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Madagascan pro-opposition armed forces take over presidential palace
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16:29, March 17, 2009

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Madagascan pro-opposition armed forces successfully forced into a presidential palace on Monday evening in the downtown of Antananarivo, Madagascar's capital, but President Marc Ravalomanana was not inside the building.

Bursts of gunfire and two rocket explosion were heard around 7 p.m. local time (1600 GMT) on Monday and soldiers were positioned around the palace, ready to enter the presidential compound.

There has been no shooting since the initial burst of gunfire and explosions when the soldiers began storming into the palace complex with two tanks, backed by armed troops, forced their way into the palace up on a hill of the city center.

One rocket, fired by the armed troops which showed their support to the opposition against Ravalomanana, missed its target to hit the Central Bank building nearby, a police official told Xinhua through telephone.

There were two presidential palaces in the capital city, one at Ambohitsorohitra, which was taken over by the armed troops, and the other in Iavoloha, some 10 km south of the city center.

Soldiers are seen after two tanks, backed by troops, forced their way into a presidential palace in Antananarivo March 16, 2009

Thousands of Ravalomanana's supporters had gathered around the palace at Iavoloha, blocking all the roads to and from the main gate of the presidential palace to avoid possible attack against the president.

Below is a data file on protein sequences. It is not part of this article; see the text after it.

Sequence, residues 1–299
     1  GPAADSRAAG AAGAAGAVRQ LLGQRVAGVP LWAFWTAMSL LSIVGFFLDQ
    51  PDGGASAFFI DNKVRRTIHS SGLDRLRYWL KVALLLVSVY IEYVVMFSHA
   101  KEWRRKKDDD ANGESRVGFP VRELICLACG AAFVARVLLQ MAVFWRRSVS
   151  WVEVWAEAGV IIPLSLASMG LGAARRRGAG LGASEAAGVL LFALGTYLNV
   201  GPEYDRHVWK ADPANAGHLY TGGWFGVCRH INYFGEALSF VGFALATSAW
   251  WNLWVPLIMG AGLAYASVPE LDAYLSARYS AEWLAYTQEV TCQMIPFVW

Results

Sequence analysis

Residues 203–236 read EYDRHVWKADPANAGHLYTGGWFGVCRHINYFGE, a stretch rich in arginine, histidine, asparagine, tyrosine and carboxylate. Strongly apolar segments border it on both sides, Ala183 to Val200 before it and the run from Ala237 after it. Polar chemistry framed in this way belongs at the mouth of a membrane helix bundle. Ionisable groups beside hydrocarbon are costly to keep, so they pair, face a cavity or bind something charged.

A soldier runs while holding a weapon, after two tanks backed by troops forced their way into a presidential palace, in Antananarivo March 16, 2009

The opposition failed to take over the presidential palace at Ambohitsorohitra on February 7, when armed troops guarding the palace opened fire at anti-government demonstrators, killing dozens of them.

Madagascar's opposition leader Andry Rajoelina greets his supporters at the end of a religious service at Antananarivo's city centre March 15 ,2009

Early on Monday afternoon, the opposition leader, Andry Rajoelina, called on the security forces to arrest Ravalomanana, who has resisted growing pressure to resign over the political crisis in the Indian Ocean island country, in which at least 135 people have been killed.

Refusing to step down, Ravalomanana proposed a national referendum on Sunday, which was rejected by Rajoelina who said Ravalomanana was no longer the president of the country.

Saying "I am the president" and "we are already at the door of victory", Rajoelina told his supporters that only formalities remained to recognize him as the president of the country.

The armed forces in Madagascar have traditionally remained neutral in political volatility and confrontation since the country's independence from France in 1960.

But the forces have decided to get rid of the Chief of General-Staff appointed by President Ravalomanana early last February and elected Colonel Andre Ndriarijaona as their new chief.

Ndriarijaona told a press conference on Monday, "If Andry Rajoelina can resolve the problem, we are behind him," and "I would say 99 percent of the forces are behind him (Rajoelina)."

Ravalomanana has insisted that his stalemate with Rajoelina cold only be solved through democratic way like the national referendum he proposed.

Christine Razanamahasoa, appointed minister of justice in Rajoelina's parallel administration, said earlier on Monday that she had ordered prosecutors to arrest President Ravalomanana.

Also on Sunday, the African Union (AU) renewed its call to the Malagasy parties to exercise restraint and refrain from any action that could undermine the institutions of the country.

In a statement, AU Commission Chairperson Jean Ping said any irresponsible acts would "further complicate the search for a solution and seriously undermine civil peace and stability in the country."

Jean Ping said he continued to monitor closely the evolving situation in Madagascar, adding that he was seriously concerned by the developments of the last few hours.

The political stalemate between Ravalomanana and Rajoelina, the worst for years in the country, began last December when Ravalomanana ordered to shut down the radio and television station owned to Rajoelina.


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